China’s Arctic Ambitions

The US State Department recently named career diplomat James DeHart as the US’ first coordinator for the Arctic region.  DeHart’s job is to coordinate US efforts in the region, which includes “repelling China’s advances and capitalizing on commercial opportunities,” according to the Wall Street Journal

What exactly are China’s ambitions in the Arctic?  Cipher Brief Expert James Danoy recently gave us some valuable context in understanding China’s ambitions and what the US, and Mr. DeHart will likely be facing there. 

James Danoy, Former Defense Intelligence Executive

James Danoy retired from the U.S. Defense Intelligence Agency (DIA) where he worked in a variety of intelligence fields including geospatial intelligence, current and crisis intelligence, long-term research, policy support, and foreign intelligence relationships. He has extensive experience supporting senior U.S. and Allied defense and security leaders and served as an intelligence support officer to the Secretary of Defense, Chairman of the Joint Chiefs of Staff, and several 4-star Combatant Commanders. From 2010-2011 Jim served as the President’s Daily Briefer to the President of the United States. Mr. Danoy is currently a Visiting Fellow at the National Security Institute at the Antonin Scalia Law School at George Mason University.

BACKGROUND:

  • The Arctic Region. The Arctic region is typically defined as the land and sea area located within the Arctic Circle, encompassing territory of eight countries: Canada, Denmark (Greenland), Finland, Iceland, Norway, Russia, Sweden, and the United States. China is not an Arctic State.
  • Governance Issues. These “Arctic States” are permanent members of the “Arctic Council,” an international forum established in 1996 with the aim of “promoting cooperation, coordination and interaction among the Arctic States” and other “inhabitants” of the Arctic region. While there is no overarching international legal framework for the Arctic region, a key agreement affecting the future of the region is the United Nations Convention on the Law of the Sea (UNCLOS), which the U.S. has not ratified.
  • Shrinking Ice. Scientific evidence indicates the Arctic has lost 40% of its ice extent and 70% of its volume since 1979. Previously inaccessible areas of the Arctic are projected to experience ice-free summers through the mid-century and possibly beyond.
    • This development—attributed by the majority of the scientific community to be the result of global climate change—is opening up the natural resource rich and strategically situated region to increased human activity with significant economic and security implications.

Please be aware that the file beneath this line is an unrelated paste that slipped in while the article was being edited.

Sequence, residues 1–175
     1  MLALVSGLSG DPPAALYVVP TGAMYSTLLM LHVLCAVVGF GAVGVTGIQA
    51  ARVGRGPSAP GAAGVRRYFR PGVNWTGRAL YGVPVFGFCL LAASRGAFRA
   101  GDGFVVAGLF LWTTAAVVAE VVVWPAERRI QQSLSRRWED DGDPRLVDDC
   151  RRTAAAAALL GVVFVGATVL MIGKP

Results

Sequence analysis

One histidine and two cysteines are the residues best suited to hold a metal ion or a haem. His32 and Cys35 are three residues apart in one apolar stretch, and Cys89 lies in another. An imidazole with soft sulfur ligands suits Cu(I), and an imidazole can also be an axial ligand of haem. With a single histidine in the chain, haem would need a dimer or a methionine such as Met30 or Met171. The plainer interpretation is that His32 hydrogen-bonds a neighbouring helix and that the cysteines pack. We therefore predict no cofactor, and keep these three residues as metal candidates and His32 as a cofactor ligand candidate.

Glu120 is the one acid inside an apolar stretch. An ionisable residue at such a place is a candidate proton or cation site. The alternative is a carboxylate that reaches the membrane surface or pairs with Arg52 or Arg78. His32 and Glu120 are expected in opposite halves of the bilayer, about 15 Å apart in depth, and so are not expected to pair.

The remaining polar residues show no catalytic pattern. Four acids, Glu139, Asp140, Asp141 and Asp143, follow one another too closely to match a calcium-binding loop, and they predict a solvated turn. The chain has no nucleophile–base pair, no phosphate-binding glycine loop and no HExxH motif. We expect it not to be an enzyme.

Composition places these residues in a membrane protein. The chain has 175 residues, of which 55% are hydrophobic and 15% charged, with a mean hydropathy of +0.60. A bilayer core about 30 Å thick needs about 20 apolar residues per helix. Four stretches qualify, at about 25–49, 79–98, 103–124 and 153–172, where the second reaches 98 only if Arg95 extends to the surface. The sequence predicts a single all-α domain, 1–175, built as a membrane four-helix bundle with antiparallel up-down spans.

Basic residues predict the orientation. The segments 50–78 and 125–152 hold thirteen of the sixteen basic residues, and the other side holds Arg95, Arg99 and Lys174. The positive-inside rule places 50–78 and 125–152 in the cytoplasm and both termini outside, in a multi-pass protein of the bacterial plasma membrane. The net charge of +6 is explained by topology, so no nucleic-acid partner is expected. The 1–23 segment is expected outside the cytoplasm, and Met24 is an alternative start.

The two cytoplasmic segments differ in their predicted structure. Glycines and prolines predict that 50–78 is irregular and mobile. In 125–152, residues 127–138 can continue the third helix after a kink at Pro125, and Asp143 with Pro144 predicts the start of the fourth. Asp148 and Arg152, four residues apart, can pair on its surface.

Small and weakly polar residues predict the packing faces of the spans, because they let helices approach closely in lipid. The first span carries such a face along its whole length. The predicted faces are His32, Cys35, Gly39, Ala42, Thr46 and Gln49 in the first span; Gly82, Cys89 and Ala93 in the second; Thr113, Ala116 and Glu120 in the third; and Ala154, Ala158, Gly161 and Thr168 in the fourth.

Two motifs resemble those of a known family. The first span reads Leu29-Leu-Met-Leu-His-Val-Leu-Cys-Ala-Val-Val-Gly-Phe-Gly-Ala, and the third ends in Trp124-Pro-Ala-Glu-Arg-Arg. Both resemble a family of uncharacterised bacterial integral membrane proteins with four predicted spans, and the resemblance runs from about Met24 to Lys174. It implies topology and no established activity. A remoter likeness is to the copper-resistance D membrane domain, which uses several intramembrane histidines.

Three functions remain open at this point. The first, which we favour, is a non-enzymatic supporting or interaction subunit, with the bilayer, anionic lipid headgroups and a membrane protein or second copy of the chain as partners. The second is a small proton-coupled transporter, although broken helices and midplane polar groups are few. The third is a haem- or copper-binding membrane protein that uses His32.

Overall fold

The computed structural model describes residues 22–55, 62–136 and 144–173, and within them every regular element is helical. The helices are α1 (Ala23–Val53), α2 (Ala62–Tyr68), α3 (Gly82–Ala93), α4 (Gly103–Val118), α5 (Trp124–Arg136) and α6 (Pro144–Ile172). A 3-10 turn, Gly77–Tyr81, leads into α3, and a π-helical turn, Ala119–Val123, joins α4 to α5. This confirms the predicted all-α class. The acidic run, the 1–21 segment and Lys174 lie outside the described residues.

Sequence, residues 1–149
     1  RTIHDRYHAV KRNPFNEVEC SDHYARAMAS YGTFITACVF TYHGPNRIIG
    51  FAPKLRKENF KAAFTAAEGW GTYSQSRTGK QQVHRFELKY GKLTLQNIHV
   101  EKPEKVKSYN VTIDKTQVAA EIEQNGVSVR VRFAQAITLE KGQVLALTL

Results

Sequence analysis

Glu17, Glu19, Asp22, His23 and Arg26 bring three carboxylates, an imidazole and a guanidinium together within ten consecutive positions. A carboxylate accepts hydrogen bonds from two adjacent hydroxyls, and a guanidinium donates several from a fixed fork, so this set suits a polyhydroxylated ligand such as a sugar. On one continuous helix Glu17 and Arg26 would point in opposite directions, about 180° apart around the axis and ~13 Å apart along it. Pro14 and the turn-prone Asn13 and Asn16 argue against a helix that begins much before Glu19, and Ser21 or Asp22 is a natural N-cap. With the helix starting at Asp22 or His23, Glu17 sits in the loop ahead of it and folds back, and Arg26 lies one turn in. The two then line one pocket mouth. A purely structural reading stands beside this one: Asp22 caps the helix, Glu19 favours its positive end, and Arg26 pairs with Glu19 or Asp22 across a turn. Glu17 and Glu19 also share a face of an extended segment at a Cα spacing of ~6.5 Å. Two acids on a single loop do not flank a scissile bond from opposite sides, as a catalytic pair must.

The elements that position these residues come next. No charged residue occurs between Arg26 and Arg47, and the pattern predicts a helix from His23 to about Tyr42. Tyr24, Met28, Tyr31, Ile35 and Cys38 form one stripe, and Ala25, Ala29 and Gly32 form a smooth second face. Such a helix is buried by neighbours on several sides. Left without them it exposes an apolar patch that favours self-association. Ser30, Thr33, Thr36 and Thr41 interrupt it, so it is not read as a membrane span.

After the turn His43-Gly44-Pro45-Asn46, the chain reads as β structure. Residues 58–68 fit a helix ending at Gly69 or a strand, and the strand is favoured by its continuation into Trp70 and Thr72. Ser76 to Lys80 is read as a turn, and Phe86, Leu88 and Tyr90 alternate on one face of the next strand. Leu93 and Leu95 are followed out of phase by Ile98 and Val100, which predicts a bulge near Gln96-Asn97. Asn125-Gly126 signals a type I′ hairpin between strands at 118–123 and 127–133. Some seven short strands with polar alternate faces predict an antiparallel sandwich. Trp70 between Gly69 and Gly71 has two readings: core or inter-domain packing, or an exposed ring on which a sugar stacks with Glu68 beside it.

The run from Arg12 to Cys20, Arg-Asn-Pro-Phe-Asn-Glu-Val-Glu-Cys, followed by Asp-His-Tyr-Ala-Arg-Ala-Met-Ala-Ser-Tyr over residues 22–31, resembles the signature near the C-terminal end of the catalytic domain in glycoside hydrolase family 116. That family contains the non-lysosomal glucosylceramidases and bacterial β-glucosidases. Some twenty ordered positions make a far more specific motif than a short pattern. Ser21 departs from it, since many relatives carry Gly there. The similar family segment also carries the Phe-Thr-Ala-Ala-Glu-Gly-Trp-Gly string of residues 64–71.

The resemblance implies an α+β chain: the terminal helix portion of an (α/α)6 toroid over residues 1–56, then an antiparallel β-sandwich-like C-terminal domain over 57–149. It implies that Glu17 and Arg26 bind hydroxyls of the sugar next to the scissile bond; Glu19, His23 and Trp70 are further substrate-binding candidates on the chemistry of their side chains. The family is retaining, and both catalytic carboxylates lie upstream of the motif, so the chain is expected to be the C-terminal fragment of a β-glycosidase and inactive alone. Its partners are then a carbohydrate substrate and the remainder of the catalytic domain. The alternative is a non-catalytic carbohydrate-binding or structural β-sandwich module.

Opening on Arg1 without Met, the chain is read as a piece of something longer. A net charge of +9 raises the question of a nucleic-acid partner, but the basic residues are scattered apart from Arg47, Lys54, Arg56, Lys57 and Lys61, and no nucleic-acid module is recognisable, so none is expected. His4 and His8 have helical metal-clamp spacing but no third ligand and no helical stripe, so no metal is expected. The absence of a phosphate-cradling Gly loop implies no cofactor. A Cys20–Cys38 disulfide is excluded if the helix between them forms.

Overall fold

KEY PLAYERS IN ARCTIC SECURITY:

  • RUSSIA: The Dominant Player. Russia views both the Arctic region – and the Northern Sea Route waterway as vital to its economic, military, political, and technological well-being. The Kremlin is undertaking an aggressive program to enhance its military footprint in the region, both reactivating once abandoned military outposts and establishing new military bases in the region.
  • NATO: Defending the High North. Five of the eight Arctic states—Canada, Denmark, Iceland, Norway, and the U.S.—are members of NATO but NNATO’s internal divisions have left the organization slow to act in the face of increased Russian activity.
  • EU: Seeking to Define Its Role. The European Union (EU) is an Arctic stakeholder by virtue of three of its members being Arctic states— Denmark, Finland, and Sweden. The EU’s role in the Arctic is likely to be defined by the EU Arctic States’ capitals rather than in Brussels.
  • United States: Playing Catch-Up. The U.S. has been slow in comparison with other nations in responding to the changing dynamic in the Arctic region. The Department of Defense has begun taking incremental steps, including with its 2019 Arctic Strategy and a May 2018 announcement that the U.S Navy was reactivating its 2nd Fleet with responsibility for among things, operations into the Arctic region to the Barents Sea. The U.S. Coast Guard serves as the lead federal agency in the Arctic but faces an acute shortage of polar icebreakers—having only two in contrast to Russia’s 46 and counting.